By Carl Leubsdorf
Facing another fiscal showdown, it’s business as usual on Capitol Hill. House Republicans are threatening to renew the tactics that nearly precipitated an economic disaster last summer by withholding support from extending the federal debt limit without severe budget cuts.
At the same time, many of them are trying to rescind some of the planned defense cuts that resulted from last year’s failed effort to deal with the problem.
Senate Democrats are seeking leverage with a similar tactic, vowing to let all of the Bush cuts expire at year’s end if the Republicans don’t agree to exempt the cuts for upper-income Americans.
Meanwhile, neither party is showing much interest in the latest bipartisan effort. “The Campaign to fix the Debt” was launched by a group of prominent former Democratic and Republican officeholders and corporate CEOs, headed by the co-chairs of the panel that proposed the best known recent debt control package, former GOP Sen. Alan Simpson and former White House chief of staff Erskine Bowles.
It includes Republicans willing to consider revenue increases, like former Sen. Judd Gregg of New Hampshire, and Democrats pushing entitlement cuts, like former Budget Director Alice Rivlin.
No one expects anything to happen before Congress holds its post-election “lame duck” session, facing a Dec. 31 deadline for the scheduled expiration of the 2001 and 2003 Bush tax cuts and the need for yet another increase in the legal debt limit.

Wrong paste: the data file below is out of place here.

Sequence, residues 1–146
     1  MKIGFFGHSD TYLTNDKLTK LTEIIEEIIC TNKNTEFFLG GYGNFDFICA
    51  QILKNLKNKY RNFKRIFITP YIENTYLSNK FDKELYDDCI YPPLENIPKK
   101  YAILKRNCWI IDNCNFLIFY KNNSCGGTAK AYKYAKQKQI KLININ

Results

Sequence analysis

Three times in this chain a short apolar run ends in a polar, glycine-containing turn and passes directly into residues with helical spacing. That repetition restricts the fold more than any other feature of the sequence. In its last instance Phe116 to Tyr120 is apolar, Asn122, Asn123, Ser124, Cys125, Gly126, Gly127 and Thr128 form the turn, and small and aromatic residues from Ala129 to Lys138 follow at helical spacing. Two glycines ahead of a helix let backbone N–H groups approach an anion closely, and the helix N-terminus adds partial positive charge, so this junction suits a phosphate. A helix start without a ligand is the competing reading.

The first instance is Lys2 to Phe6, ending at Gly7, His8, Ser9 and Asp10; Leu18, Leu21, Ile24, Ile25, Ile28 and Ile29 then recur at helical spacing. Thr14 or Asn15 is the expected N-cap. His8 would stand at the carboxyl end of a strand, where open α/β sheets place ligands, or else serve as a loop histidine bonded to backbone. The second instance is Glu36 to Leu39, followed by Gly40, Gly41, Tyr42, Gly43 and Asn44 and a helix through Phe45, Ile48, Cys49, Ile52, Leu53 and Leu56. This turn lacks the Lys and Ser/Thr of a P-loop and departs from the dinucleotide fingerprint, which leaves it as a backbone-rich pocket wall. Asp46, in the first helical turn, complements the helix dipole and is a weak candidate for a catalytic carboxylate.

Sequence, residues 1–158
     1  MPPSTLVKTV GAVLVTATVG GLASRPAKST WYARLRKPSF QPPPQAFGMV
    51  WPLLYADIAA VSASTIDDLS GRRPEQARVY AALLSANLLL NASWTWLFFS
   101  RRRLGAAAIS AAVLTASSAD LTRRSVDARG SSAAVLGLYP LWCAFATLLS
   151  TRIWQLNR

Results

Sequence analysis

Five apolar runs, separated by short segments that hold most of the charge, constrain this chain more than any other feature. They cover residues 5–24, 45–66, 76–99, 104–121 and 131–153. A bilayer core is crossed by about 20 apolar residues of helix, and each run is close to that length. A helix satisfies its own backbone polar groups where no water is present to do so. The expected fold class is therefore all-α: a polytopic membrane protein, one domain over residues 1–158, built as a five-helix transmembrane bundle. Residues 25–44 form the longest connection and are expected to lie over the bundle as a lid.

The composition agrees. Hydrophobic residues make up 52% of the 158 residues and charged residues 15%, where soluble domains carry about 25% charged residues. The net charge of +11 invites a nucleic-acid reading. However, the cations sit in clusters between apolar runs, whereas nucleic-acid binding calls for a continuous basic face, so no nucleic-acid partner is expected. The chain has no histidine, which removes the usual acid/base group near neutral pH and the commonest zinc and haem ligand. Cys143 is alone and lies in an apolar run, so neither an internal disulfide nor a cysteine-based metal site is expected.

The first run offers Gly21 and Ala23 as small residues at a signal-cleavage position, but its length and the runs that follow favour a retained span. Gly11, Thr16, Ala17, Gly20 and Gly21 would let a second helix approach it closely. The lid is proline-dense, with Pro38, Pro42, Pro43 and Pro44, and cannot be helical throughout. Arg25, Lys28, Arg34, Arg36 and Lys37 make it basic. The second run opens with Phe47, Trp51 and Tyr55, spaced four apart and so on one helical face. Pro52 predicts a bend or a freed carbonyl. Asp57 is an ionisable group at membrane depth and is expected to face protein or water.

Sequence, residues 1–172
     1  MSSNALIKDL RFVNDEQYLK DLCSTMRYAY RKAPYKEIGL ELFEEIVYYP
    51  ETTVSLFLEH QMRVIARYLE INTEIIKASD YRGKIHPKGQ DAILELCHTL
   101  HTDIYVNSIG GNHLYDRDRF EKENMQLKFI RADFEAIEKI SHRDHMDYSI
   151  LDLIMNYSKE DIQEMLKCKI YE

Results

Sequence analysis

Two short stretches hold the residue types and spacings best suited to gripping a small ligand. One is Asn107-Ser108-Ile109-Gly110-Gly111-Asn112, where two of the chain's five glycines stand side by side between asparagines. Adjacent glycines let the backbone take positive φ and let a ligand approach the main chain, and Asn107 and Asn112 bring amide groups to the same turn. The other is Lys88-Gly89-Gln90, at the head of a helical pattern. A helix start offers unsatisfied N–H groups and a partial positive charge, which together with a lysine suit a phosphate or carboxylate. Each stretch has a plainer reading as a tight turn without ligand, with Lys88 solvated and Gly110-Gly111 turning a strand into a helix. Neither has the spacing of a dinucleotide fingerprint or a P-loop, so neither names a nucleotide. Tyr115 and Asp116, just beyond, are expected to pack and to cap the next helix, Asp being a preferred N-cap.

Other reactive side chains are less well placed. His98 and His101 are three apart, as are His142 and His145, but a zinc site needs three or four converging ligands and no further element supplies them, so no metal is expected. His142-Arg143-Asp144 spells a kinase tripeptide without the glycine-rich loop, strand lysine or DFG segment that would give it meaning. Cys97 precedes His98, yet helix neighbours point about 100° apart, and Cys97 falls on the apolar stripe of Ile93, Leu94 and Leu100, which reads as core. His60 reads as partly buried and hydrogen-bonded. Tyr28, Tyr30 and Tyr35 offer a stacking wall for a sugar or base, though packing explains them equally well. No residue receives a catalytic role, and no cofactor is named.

The ultimate prescription still should be something akin to the “grand compromise” that President Barack Obama floated last year in his secret talks with House Speaker John Boehner.
In fact, there are repeated reports of quiet talks among some of the remaining congressional centrists on how package proposals could be constructed.
After all, everyone knows:
• A relatively painless way to improve Social Security’s long-term solvency is to raise the retirement age gradually and change the way annual cost of living adjustments are calculated.
• Medicare’s long-term viability can be improved by making higher income recipients pay some medical costs that the program now pays in full and curbing costs in the overall health system.
• A revision of the income tax laws to limit or eliminate some preferences and modify the rate structure would produce extra revenue in a more politically acceptable way.
• These steps would ease the pressure on the 15 percent of the budget that funds discretionary domestic programs. But a basic problem remains that most congressional Republicans don’t want the revenue increases and defense cuts that Democrats demand in return for backing entitlement cuts.
So the Simpson-Bowles folks have it right.
After all, no one really wants to repeat last year’s experience, when cliffhanger politics unsettled world finances and produced an inadequate solution that lawmakers are now trying to change. But though the solutions are out there, it’s easy to see that happening again – this time on New Year’s Eve.
Carl P. Leubsdorf is the former Washington bureau chief of the Dallas Morning News. Readers may write to him via email at: email@example.com.